Interviewer: So those minor coughs in an older person is something you really should pay attention to? Gotcha.

Dr. Madsen: Exactly. If someone comes in with a minor cough, absolutely. That's something where you definitely want to get a chest x-ray on them to see if they do have something down in their lungs.

Interviewer: All right. If somebody gets to you in time, is it reversible?

Dr. Madsen: It is, yeah. Most cases, we can treat with antibiotics, maybe we can treat them at home, just depending how they're breathing, how their vital signs look, looking at their blood work. Maybe they require hospitalization. But it's those severe cases where they're just really having a hard time breathing, those are the tough ones. And often, those cases, when someone comes in we have to intubate them, put a tube down their throat to breathe for them. Those are the really tough ones for them to come back from, just because it's so advanced.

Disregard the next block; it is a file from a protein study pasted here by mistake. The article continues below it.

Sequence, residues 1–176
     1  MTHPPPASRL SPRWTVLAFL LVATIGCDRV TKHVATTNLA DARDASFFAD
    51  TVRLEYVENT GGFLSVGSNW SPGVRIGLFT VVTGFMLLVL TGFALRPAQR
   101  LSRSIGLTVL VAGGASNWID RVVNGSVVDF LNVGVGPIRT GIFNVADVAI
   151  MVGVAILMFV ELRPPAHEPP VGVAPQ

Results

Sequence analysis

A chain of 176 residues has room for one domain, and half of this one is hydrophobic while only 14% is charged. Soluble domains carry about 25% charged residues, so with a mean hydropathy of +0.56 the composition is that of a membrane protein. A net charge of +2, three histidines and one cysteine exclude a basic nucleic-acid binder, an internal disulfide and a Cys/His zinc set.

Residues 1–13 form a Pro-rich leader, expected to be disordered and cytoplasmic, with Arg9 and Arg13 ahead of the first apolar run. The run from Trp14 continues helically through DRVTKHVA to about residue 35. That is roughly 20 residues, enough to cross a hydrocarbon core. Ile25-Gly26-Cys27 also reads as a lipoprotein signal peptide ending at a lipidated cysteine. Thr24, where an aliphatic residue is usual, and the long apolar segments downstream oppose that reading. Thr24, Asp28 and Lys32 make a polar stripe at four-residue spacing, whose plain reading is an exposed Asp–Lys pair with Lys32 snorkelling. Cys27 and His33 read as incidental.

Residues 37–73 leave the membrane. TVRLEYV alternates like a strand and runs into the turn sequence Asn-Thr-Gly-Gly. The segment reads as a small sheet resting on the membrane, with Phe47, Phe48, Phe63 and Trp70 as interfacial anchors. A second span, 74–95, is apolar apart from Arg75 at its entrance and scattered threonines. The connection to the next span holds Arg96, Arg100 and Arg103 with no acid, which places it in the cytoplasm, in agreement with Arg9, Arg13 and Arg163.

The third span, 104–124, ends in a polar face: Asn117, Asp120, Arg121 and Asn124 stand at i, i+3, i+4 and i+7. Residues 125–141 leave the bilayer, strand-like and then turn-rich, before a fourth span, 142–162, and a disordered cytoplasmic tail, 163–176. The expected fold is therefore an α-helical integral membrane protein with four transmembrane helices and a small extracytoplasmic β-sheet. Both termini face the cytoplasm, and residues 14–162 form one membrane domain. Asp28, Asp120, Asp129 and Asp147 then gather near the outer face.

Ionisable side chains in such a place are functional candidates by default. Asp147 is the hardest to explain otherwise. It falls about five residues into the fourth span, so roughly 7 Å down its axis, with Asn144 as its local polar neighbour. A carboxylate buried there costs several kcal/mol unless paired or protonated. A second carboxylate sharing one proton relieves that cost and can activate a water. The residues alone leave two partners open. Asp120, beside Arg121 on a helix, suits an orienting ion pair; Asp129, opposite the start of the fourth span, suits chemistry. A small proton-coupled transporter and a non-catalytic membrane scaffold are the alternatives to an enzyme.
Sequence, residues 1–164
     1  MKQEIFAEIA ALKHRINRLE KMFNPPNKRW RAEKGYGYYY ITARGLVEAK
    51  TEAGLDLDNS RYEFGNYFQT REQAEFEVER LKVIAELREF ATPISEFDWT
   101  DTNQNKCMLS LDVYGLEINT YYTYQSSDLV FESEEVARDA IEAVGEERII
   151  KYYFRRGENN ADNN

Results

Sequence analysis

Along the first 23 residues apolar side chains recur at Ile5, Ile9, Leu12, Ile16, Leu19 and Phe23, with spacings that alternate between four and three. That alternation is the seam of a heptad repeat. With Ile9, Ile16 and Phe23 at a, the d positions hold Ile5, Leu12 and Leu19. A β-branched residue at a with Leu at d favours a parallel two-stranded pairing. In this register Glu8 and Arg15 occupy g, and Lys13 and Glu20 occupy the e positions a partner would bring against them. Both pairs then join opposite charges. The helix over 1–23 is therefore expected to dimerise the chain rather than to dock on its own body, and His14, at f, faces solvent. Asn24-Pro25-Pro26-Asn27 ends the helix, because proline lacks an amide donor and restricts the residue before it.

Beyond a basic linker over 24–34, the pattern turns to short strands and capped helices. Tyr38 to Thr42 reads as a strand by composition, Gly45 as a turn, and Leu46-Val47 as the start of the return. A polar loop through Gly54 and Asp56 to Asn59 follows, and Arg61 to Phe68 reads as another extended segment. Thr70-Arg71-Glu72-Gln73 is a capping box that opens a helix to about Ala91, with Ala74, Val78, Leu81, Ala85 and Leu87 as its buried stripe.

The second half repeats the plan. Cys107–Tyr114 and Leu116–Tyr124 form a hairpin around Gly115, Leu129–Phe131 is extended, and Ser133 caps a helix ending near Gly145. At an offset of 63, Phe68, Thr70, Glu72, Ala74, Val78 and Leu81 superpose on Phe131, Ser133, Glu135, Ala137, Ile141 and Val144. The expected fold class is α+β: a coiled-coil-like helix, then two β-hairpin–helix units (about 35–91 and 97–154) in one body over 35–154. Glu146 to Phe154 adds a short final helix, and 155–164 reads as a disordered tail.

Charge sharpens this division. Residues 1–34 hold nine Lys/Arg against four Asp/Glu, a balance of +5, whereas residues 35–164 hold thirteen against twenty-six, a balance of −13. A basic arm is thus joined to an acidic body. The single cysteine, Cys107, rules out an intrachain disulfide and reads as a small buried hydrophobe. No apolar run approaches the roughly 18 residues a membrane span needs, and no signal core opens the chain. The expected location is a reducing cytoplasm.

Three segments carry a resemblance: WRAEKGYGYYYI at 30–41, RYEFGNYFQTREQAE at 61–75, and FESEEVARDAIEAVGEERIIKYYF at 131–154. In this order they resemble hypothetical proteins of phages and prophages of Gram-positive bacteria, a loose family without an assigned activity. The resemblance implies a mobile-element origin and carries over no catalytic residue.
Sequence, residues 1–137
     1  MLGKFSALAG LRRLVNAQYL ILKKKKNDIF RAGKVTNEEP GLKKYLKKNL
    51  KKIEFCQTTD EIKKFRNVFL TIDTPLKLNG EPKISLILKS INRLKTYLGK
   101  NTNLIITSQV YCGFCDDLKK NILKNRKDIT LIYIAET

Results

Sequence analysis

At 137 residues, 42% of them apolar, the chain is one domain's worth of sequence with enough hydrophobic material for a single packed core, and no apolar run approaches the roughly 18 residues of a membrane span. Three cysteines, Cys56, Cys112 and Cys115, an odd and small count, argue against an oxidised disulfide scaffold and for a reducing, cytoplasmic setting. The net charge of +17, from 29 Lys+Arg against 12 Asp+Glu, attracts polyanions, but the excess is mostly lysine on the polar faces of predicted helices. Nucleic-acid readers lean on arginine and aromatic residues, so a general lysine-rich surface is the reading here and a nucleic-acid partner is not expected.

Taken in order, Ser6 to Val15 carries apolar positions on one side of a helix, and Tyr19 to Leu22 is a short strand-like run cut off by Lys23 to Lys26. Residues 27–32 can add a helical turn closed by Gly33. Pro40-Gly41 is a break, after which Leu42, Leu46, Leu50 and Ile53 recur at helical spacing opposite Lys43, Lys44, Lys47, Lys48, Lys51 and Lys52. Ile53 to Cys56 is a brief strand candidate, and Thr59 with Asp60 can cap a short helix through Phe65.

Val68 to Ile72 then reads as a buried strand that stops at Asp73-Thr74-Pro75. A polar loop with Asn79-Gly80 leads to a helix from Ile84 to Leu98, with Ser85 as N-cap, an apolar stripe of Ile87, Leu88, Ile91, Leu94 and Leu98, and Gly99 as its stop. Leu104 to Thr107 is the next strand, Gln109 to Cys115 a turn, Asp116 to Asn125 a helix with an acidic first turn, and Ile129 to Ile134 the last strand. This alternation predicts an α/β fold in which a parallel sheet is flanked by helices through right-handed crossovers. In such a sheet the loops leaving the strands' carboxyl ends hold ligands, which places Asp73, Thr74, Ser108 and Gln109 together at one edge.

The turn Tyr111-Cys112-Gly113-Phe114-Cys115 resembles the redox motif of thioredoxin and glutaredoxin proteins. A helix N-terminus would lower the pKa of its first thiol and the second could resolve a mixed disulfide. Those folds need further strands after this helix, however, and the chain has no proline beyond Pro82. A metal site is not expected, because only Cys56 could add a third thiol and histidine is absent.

Interviewer: What's the advice that you would have for somebody that has an older parent or grandparent? The takeaway that I'm taking, and maybe this isn't right, is if you're noticing the confusion and maybe just a cough that you might normally blow off for yourself, but it's an older person, take it seriously.

Dr. Madsen: That's exactly right. Don't expect them to have the same symptoms you're going to have. Don't expect them to just look absolutely miserable and have really high fevers and just be coughing incessantly. Can be a subtle cough, maybe just a little bit of a fever, something that's not even quite a fever. Or just they're a little bit more confused. Those are all signs that they probably need to get checked out.